5 Written questions
5 Matching questions
- hypertonic solution
- energy coupling
- a The diffusion of water across a selectively permeable membrane.
- b Referring to a solution that, when surrounding a cell, will cause the cell to lose water.
- c The transfer of a phosphate group, usually from ATP, to a molecule. Nearly all cellular work depends on ATP energizing other molecules by phosphorylation.
- d In cellular metabolism, the use of energy released from an exergonic reaction to drive an endergonic reaction.
- e The totality of an organism's chemical reactions.
5 Multiple choice questions
- Referring to a solution that, when surrounding a cell, will cause the cell to take up water.
- A substance that reduces the activity of an enzyme by binding to the enzyme's active site in place of the substrate. A competitive inhibitor's structure mimics that of the enzyme's substrate.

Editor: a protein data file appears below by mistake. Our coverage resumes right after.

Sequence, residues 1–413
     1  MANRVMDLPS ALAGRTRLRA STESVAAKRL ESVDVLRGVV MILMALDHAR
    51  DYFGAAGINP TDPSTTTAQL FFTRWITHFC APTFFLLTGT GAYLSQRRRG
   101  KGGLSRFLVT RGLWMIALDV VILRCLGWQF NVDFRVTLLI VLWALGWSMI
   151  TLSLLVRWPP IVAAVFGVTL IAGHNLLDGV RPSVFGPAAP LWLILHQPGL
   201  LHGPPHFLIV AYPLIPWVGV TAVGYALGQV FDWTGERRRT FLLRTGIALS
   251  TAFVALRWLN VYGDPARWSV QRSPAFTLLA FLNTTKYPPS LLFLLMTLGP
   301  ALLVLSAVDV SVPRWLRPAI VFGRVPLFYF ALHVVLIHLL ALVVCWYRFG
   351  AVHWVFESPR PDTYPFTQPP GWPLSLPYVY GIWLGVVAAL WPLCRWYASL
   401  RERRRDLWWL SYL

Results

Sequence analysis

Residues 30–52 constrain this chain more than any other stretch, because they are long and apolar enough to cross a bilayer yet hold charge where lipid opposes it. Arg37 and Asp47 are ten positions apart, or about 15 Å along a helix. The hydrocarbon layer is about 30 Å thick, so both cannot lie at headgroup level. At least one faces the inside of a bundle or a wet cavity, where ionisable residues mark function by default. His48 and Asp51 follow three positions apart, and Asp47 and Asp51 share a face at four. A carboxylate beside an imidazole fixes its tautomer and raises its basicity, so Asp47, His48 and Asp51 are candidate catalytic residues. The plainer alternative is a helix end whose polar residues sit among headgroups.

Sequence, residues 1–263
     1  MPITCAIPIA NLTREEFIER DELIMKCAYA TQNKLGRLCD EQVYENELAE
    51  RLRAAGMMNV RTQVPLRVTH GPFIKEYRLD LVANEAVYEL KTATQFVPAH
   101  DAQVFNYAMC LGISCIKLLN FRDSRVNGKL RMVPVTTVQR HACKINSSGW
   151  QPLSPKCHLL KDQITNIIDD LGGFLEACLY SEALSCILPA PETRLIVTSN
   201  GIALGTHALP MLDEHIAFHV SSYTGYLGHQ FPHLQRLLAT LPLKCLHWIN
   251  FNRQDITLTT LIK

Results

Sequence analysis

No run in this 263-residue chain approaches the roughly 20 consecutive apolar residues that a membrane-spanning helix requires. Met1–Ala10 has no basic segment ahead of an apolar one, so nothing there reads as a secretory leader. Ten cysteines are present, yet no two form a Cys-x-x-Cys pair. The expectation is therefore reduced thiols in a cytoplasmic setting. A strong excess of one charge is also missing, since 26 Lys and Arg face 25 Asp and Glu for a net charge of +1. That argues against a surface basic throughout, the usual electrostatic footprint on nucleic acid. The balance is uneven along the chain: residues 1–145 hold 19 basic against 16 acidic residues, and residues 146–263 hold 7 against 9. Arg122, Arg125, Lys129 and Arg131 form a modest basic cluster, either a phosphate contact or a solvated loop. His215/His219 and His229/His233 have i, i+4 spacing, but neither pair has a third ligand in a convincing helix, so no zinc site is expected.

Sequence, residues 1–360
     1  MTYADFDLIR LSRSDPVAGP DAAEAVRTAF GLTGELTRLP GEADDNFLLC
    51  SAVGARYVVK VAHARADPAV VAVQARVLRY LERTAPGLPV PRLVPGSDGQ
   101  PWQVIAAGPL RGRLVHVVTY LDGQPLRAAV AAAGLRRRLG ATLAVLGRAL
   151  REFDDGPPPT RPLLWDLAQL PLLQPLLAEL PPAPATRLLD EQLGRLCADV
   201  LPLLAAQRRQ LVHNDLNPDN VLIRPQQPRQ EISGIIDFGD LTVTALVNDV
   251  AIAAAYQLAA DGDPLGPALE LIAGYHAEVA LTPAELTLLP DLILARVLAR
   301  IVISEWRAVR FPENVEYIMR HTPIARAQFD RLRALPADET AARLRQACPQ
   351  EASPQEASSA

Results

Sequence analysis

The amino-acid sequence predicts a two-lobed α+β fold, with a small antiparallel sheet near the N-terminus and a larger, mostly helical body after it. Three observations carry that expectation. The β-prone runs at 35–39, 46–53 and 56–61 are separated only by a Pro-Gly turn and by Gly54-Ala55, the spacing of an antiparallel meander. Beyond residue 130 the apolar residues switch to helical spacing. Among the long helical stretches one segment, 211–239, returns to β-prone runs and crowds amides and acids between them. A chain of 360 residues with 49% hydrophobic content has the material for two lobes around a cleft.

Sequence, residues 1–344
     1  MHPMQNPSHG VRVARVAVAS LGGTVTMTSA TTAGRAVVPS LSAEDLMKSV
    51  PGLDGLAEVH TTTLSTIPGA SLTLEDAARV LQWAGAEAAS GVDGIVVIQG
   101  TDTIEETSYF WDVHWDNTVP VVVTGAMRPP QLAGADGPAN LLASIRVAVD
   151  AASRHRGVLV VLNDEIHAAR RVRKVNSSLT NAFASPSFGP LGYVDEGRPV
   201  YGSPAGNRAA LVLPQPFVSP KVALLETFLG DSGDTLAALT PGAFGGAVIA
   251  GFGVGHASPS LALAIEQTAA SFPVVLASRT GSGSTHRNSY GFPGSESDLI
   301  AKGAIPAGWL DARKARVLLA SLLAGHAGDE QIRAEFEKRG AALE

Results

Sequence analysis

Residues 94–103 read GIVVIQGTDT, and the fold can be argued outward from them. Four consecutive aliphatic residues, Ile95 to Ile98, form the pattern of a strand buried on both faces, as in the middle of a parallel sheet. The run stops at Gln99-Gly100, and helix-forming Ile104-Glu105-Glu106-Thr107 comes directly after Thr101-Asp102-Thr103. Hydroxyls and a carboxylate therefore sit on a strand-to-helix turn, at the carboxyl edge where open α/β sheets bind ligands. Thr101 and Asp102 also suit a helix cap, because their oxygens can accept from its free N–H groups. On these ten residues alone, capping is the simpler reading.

- The study of energy transformation that occurs in a collection of matter. See first law of thermodynamics; second law of thermodynamics.
- Main energy source for cells.
- The movement of a substance across a biological membrane against its concentration gradient, aided by specific transport proteins and requiring input of energy (often as ATP).
5 True/False questions
noncompetitive inhibitor → A substance that impedes the activity of an enzyme without entering an active site. By binding elsewhere on the enzyme, a noncompetitive inhibitor changes the shape of the enzyme so that the active site no longer functions.
cellular respiration → The aerobic harvesting of energy from food molecules; the energy-releasing chemical breakdown of food molecules, such as glucose, and the storage of potential energy in a form that cells can use to perform work; involves glycolysis, the citric acid cycle, and oxidative phosphorylation (the electron transport chain and chemiosmosis).
phagocytosis → Cellular "drinking"; a type of endocytosis in which the cell takes fluid and dissolved solutes into small membranous vesicles.
energy → The capacity to perform work, or to rearrange matter.
substrate → A measure of disorder. One form of disorder is heat, which is random molecular motion.